The avalanche pitched him over a 75-foot cliff on his tumble down 2,500 feet of the jagged mountain face. He remembers covering his head as best he could to prevent further injury.
After the avalanche Schutt’s friend and partner made his way down, contacted National Park Service via cell phone and provided cell phone GPS coordinates to aid the rescue response.
Two avalanche defendants, snowboarders, are facing charges and a $168,000 fine for an avalanche that threatened I-70. A judge just dismissed their motion to dismiss video of the avalanche they gave to Colorado Avalanche Information Center.
A Summit County Court judge dismissed a motion to suppress a GoPro video of the avalanche. Evan Hannibal and Tyler DeWitt had given the video to the Colorado Avalanche Information Center (CAIC).
The video is evidence in the Summit County District Attorney’s case against Hannibal and DeWitt. They are charged with reckless endangerment and could face a $168,000 fine. These are the first criminal charges ever filed against skiers involved in an avalanche in Colorado.
The second avalanche death in two years in Dutch Draw, and at least the fourth in total, has spurred an Avalanche Risk Discussion.
The victim and his girlfriend exited the backcountry access gate atop the Ninety-Nine 90 Express. Then they hiked up the ridge before dropping in to snowboard down a run called Conehead. The victim went first, and when he was about halfway down his girlfriend followed. Then an avalanche occurred. The woman was not caught in the slide.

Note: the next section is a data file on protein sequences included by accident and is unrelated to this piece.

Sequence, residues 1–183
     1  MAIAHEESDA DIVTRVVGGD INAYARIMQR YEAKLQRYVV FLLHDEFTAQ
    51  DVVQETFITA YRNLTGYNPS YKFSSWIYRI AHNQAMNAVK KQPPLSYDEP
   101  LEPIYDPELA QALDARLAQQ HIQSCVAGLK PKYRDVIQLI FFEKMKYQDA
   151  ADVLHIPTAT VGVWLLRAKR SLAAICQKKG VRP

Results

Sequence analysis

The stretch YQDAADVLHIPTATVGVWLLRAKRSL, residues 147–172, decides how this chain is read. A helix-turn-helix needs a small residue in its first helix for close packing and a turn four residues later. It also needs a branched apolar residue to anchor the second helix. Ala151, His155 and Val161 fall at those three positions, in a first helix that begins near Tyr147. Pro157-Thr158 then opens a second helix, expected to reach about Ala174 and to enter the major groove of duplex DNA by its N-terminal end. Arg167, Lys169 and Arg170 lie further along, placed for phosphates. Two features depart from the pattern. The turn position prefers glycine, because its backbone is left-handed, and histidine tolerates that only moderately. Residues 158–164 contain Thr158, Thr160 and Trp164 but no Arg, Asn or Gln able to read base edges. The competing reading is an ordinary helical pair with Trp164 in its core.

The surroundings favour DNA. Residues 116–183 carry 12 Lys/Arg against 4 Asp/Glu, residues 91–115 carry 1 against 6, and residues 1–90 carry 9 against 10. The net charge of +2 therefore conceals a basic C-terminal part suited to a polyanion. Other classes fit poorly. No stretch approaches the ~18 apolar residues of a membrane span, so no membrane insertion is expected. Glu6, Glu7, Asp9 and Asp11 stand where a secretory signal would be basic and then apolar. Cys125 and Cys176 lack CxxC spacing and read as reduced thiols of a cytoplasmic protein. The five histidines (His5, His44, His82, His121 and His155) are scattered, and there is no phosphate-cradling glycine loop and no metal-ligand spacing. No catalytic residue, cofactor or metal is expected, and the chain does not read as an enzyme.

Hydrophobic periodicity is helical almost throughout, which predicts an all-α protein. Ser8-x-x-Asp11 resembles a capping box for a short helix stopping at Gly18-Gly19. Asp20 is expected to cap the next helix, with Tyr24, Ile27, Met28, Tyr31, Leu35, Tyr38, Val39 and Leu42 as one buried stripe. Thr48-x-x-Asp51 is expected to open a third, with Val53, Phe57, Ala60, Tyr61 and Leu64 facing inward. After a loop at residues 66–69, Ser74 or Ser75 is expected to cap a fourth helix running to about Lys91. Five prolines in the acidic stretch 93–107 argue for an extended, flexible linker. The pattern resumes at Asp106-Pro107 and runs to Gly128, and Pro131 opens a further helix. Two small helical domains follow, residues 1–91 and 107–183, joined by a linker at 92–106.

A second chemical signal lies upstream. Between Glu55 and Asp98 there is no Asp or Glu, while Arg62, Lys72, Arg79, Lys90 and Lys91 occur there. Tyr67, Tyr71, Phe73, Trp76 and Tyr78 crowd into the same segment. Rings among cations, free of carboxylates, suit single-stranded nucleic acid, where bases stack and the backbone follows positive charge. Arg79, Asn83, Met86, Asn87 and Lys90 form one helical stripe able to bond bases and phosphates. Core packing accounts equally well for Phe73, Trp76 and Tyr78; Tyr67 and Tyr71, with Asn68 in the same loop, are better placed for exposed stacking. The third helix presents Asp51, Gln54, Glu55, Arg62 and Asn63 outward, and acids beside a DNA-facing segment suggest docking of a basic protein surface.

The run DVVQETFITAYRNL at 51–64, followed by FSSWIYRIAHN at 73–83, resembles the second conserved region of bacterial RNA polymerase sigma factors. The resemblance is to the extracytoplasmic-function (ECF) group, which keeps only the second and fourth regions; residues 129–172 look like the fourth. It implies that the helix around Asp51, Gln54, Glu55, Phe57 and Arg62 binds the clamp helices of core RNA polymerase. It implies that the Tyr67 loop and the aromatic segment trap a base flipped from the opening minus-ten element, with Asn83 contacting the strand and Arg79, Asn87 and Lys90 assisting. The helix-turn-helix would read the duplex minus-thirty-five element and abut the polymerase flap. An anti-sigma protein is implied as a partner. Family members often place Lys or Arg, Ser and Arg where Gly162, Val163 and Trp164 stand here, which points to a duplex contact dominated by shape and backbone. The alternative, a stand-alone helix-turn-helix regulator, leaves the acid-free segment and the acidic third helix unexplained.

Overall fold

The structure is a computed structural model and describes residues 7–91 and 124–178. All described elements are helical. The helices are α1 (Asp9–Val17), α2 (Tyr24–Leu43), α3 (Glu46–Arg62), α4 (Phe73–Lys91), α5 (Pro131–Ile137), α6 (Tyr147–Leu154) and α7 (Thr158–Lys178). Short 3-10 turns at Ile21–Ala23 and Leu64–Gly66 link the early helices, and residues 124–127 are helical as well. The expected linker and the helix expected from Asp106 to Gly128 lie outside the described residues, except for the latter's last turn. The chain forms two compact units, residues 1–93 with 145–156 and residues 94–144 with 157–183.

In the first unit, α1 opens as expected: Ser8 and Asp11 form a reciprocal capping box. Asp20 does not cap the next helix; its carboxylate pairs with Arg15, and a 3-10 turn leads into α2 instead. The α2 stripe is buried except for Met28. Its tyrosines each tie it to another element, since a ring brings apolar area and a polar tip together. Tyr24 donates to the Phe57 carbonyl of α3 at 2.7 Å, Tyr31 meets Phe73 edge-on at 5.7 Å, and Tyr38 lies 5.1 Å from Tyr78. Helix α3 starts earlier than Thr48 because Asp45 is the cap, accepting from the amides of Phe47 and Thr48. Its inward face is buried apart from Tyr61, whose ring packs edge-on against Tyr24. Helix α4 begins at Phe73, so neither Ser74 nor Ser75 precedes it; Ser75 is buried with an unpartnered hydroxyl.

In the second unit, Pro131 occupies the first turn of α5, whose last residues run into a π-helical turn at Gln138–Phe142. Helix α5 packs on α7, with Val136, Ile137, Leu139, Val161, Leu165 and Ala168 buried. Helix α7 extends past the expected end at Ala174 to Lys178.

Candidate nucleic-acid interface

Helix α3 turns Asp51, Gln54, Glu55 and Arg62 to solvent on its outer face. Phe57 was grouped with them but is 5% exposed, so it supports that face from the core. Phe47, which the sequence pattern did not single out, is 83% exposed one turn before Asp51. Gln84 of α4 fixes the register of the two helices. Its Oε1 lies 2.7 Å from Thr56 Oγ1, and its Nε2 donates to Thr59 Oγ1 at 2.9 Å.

Some people have argued more should be done to warn skiers who may be unaware of the dangers posed by backcountry terrain. They could put resort personnel near the gate to inform people of the risk. Or require checking out with ski patrol and carrying an avalanche beacon, shovel and probe. A check-out procedure is used at some other resorts.
An avalanche south of Cooke City carried three skiers down Republic Mountain, two were injured in the avalanche. One had to be evacuated by helicopter and another was temporarily unconscious and not breathing, according to a report.
In many ways, the skiers had done everything right. All six were carrying beacons and had rescue gear. They had radios to summons help.
However, they did not check the snowpack in the place they decided to ascend the mountain. They had dug a snowpit 2 meters deep to check the likelihood of an avalanche. But a hundred feet off to the side the snowpack changed, with much less snow, only three feet.
An Elko, Nevada, snowmobiler died in a Wyoming avalanche on Friday. It is estimated that he was buried inverted under the snow for about 15 minutes.
Brandon Jones, 41, was snowmobiling away from his party late on Dec. 18 on “Suicide Mountain”. He triggered a medium-sized avalanche 24" deep. He was able to deploy an airbag, which kept him near the snow surface with a leg sticking out.